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Effects of management practices on legume productivity in smallholder farming systems in sub-Saharan Africa

Muoni, Tarirai and Jonsson, Mattias and Duncan, Alan J. and Watson, Christine A. and Bergkvist, Göran and Barnes, Andrew P. and Öborn, Ingrid (2022). Effects of management practices on legume productivity in smallholder farming systems in sub-Saharan Africa. Food and energy security. 11 :2 , e366
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Abstract

Legumes play a key role in food and nutrition security, providing livestock feed and contributing to soil fertility, in mixed smallholder farms in sub-Saharan Africa (SSA). The environmental conditions under which smallholder farming is practiced are highly heterogeneous with large differences in management practices among farms resulting in variable legume productivity. A meta-analysis based on 128 publications was conducted to quantify the effects of intercropping, inoculation with rhizobia, minimum tillage and phosphorus application on legume grain and biomass yield and the amount of biological nitrogen fixation in a range of SSA contexts. To further explain the heterogeneity in the results, legume species, type of inoculant, P-application rate, altitude, rainfall, soil characteristics and non-legume companion crops were used as moderators. lntercropping as compared to sole cropping reduced legume biomass and grain yields to varying extents, although the total land equivalent ratio for the sum of the intercrops was higher than 1 (1.2-1.9)in all cases. Expressed as the relative land equivalent ratio (rLER) intercropping affected pigeonpea grain yield the least (rLER 0.9) and faba bean the most (rLER 0.3). The non-legume companion crops explained some of the heterogeneity where maize and sorghum significantly reduced the legume yields. Inoculation and P application increased legume grain and biomass yield and moderators such as legume species, type of inoculant, soil organic carbon and soil pH further explained the different effects of the management practices on legume productivity. Minimum tillage had no effect on legume productivity. although less data were available than for the other practices. We conclude that intercropping with legumes improves overall productivity and that application of P fertilizer and inoculants increase legume grain and biomass yield. The effect varies with crop species, soil type and other environmental conditions, and this needs to be factored into tailored recommendations supporting decision making in smallholder farming.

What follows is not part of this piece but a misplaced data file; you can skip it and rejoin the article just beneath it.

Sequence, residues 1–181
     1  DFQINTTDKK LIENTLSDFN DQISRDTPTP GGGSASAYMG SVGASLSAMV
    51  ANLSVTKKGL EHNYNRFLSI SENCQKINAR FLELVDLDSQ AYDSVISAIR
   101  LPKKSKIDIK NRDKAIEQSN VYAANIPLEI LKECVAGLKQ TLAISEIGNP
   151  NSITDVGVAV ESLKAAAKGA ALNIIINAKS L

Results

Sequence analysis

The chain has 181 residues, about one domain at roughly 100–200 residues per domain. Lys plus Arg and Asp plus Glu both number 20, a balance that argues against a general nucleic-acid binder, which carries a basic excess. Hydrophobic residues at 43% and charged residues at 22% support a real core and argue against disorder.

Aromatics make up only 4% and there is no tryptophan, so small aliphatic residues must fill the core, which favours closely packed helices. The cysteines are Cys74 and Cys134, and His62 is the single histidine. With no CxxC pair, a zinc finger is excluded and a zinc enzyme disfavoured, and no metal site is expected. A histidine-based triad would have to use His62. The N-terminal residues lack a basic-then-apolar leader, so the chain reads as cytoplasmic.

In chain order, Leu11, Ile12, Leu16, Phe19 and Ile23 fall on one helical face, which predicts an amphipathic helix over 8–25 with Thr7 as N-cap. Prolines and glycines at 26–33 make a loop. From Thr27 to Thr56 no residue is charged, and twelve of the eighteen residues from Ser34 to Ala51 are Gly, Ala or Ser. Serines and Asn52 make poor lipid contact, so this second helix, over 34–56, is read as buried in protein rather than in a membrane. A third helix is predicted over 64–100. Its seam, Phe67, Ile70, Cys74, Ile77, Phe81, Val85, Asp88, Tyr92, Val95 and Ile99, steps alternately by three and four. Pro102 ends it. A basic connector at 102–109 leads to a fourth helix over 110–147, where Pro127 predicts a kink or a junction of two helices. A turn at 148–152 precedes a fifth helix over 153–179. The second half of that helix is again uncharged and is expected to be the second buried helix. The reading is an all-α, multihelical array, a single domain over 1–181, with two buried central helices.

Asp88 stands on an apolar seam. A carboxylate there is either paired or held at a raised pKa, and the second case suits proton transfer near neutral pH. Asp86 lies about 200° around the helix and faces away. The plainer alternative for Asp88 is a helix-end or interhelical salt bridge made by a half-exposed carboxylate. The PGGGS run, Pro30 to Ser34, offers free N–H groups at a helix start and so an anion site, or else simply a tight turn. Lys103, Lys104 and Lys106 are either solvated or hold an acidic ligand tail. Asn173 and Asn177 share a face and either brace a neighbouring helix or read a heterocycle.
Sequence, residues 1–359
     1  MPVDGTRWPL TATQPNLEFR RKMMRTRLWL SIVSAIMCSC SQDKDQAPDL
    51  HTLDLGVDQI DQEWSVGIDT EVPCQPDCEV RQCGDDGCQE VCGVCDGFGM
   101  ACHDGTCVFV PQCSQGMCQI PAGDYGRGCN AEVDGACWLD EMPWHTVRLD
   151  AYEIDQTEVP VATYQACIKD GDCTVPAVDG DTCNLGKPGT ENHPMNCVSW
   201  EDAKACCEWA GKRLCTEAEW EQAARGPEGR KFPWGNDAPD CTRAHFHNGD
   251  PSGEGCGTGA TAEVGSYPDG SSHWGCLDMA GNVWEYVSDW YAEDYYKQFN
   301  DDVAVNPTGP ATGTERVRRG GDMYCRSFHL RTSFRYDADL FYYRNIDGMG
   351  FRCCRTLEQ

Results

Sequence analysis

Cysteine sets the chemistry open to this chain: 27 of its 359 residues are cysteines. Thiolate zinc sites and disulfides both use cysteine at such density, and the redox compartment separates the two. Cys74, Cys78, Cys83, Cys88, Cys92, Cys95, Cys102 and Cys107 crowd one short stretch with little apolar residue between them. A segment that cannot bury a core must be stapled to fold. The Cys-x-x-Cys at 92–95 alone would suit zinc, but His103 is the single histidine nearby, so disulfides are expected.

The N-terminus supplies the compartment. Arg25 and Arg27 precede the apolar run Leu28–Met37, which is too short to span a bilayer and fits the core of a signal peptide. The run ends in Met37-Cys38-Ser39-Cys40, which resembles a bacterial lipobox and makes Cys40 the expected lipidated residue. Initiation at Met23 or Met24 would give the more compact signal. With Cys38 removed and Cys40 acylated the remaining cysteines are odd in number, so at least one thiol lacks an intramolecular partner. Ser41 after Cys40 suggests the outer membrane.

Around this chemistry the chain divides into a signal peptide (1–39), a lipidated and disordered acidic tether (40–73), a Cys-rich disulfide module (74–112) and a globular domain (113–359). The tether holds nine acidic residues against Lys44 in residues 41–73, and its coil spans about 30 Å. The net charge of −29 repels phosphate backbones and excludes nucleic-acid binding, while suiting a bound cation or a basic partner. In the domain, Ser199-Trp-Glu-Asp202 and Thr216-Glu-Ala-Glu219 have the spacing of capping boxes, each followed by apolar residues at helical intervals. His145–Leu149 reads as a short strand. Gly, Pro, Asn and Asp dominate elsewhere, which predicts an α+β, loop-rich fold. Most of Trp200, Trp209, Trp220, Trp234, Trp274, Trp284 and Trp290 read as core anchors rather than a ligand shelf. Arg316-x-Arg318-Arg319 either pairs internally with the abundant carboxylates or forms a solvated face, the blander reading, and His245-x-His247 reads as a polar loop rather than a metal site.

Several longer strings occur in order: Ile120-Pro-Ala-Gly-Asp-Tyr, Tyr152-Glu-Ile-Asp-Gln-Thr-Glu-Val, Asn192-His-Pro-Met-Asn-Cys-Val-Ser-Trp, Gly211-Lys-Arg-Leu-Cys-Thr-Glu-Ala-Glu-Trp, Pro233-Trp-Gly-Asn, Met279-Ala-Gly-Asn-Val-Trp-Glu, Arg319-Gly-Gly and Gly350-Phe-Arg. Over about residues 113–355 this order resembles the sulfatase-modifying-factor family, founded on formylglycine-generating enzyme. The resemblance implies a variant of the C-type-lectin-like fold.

Authors/Creators:Muoni, Tarirai and Jonsson, Mattias and Duncan, Alan J. and Watson, Christine A. and Bergkvist, Göran and Barnes, Andrew P. and Öborn, Ingrid
Title:Effects of management practices on legume productivity in smallholder farming systems in sub-Saharan Africa
Series Name/Journal:Food and energy security
Year of publishing :2022
Volume:11
Number:2
Article number:e366
Number of Pages:19
Publisher:WILEY
ISSN:2048-3694
Language:English
Publication Type:Article Review/Survey
Article category:Scientific peer reviewed
Version:Published version
Copyright:Creative Commons: Attribution 4.0
Full Text Status:Public
Subjects:(A) Swedish standard research categories 2011 > 4 Agricultural Sciences > 401 Agricultural, Forestry and Fisheries > Agricultural Science
(A) Swedish standard research categories 2011 > 5 Social Sciences > 502 Economics and Business > Economics
Keywords:biological nitrogen fixation, fodder, grain legumes, inoculation, intercropping, land-equivalent area, meta-analysis, phosphorus application
URN:NBN:urn:nbn:se:slu:epsilon-p-116164
Permanent URL:
http://urn.kb.se/resolve?urn=urn:nbn:se:slu:epsilon-p-116164
Additional ID:
Type of IDID
DOI10.1002/fes3.366
Web of Science (WoS)000748505200001
Scopus2-s2.0-85123900159
ID Code:28385
Faculty:NJ - Fakulteten för naturresurser och jordbruksvetenskap
Department:(NL, NJ) > Dept. of Crop Production Ecology
(NL, NJ) > Dept. of Ecology
(S) > Dept. of Ecology
Deposited By: SLUpub Connector
Deposited On:17 Jun 2022 13:26
Metadata Last Modified:17 Jun 2022 13:31

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